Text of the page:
I always want the largest shapes (sky, sea, sand, white of the waves, etc) to contribute to an interesting pattern in and of themselves. In this case the division shown on the white panel, though done quickly, does reflect some concern for realizing that. Notice there’s a small “x” mark painted in the center of the canvas… it’s a help to arranging those big shapes. The lines are painted in after some planning with light charcoal lines, which were dusted off before the paint went on.
I always begin work from the most general towards the specific. This applies to shapes, values, and colors. So after the drawing in of the main shapes, my next objective is to seize the overall color-cast of this morning, which is a gray and cool effect. The best place is to begin with the sky, the furthest element from me and also the source of the light.
I mix a general value of blue gray, getting as close in color as I can to what I’m seeing. Using a large filbert brush I begin to lay-in the sky with a hearty amount of paint. I use individual brushloads placed side by side, something like a mosaic. My task here is to cover the white panel with a general value of each main color area. Once I get this, I will come back and refine the work. Virtually everything in my painting will be treated more than once, or more times. In the general-to-specific approach, it’s important to get the entire painting started (general), and suspend working on the specific (smaller elements and details) until that’s accomplished. Then, revisit each element, drawing it all together into a cohesive visual whole.
As I am doing this, I’m also watching the general motion of the sea, and considering how I might best capture the action of the waves, the purpose of the study.
An important point to keep in mind, and the reason for starting with the sky, is that whatever is going on there is also happening in the ocean. Students hear me refer to the sky and the ocean as a married couple; one’s mood is affecting the other’s mood directly.
As I get the general effect of the sky in place, I begin to work that color down into the color of the water. Because we have overcast conditions, I can get the actual colors and values I see in the water without too much trouble.
The large area of broken white water, generated by the breaking wave and shallow, sandy bottom, is a matter of getting just the right value of gray. I carefully mix what I need and, adjusting as I go, lay it in to the area. I’m using as much pigment as I can get on the brush, with only a touch of linseed oil. A well-loaded brush and individual brushstrokes placed one against the other is my procedure for building the painting.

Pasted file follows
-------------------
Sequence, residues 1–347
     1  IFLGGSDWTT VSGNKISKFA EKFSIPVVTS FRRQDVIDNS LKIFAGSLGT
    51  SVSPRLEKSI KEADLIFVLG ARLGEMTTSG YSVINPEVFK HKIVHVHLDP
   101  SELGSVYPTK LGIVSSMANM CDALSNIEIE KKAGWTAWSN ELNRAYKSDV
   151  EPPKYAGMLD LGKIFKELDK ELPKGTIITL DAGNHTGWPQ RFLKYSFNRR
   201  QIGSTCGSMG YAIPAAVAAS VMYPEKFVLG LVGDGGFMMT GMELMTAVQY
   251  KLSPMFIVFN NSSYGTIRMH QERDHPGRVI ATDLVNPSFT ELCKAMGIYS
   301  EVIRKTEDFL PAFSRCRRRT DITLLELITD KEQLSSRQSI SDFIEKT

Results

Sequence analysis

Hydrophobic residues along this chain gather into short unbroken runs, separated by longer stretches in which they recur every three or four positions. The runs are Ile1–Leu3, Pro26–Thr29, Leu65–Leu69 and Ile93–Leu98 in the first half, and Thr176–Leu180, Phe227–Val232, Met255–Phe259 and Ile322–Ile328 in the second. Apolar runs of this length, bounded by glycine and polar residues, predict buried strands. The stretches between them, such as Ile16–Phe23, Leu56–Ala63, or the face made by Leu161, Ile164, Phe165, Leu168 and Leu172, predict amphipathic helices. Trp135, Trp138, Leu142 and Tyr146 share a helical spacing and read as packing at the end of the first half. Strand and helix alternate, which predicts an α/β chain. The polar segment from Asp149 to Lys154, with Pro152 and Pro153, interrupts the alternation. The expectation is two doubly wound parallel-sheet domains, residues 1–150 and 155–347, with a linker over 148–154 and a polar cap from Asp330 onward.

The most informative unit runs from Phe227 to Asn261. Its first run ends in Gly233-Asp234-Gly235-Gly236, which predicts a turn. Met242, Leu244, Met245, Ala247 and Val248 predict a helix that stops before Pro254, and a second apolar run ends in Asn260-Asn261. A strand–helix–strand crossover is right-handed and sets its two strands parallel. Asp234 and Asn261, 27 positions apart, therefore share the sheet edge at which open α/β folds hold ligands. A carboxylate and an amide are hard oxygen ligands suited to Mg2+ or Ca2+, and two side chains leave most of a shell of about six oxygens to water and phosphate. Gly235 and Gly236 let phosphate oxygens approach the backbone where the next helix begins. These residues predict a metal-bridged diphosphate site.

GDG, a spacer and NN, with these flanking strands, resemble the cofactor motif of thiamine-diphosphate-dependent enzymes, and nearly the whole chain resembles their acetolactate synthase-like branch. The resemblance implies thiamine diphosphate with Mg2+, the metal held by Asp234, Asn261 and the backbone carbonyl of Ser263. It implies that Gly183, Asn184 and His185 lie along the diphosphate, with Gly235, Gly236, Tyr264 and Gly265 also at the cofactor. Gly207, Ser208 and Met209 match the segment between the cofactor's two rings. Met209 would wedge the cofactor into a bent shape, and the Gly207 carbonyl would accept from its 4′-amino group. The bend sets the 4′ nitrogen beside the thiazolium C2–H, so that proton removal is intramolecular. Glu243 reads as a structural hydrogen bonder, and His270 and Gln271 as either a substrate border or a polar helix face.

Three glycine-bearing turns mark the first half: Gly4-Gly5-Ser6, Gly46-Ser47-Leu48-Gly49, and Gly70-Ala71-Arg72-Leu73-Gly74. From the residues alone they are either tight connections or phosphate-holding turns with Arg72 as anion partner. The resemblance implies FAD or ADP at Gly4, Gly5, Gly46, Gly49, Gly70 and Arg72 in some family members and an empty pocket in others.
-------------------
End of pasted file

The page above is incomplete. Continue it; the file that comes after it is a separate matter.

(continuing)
My next move requires care….the general color of the rock, and especially it’s shadow side, needs to be dropped into place. because the dark shadow is the low end of my value scale.”How low”, compared to straight black, is important to judge correctly. I also look at the temperature of the dark (warm or cool?) and place it. Now, I can judge everything in the painting between the lightest and darkest notes of value…and adjust confidently now that these vital “bookends” are established.
As the morning progresses, I have a nice amount of paint built up on the canvas. I’ve taken real care in getting the color of the face of the wave, the middle note, as close as I can to what I’m seeing. Having Viridian on my palette is important for this.
The sun’s made it’s presence known, having moved from behind the clouds and created some light/dark contrast in the green area of the wave. I now paint those darker notes with a reasonably large brush, thinking about the direction of the strokes. At this stage, how my brush work may add to the vitality of the action is paramount. During the initial lay in, it was less so. Because I have a good body of paint in place, these darker strokes ease into the existing paint beautifully.
After about 90 minutes, the sunlight has managed to overcome the gray skies, and it’s unwise to continue. Doing so would introduce an entirely different concept, and one must avoid “chasing the light”.
I bring the painting back to the studio, and from memory and best judgement I make some adjustments. This stage, in actuality, is clarifying and simplifying. We don’t always make the best choices in the heat of battle, so checking back on the morning’s work after a break is always good.
Again, I’d like this to be a beautiful piece, but my real mission has been to objectively study the ocean, adding to my general knowledge of the sea. I add my monogram signature, and in 6 months the study will receive varnish for protection.
Please feel free to comment! Thanks!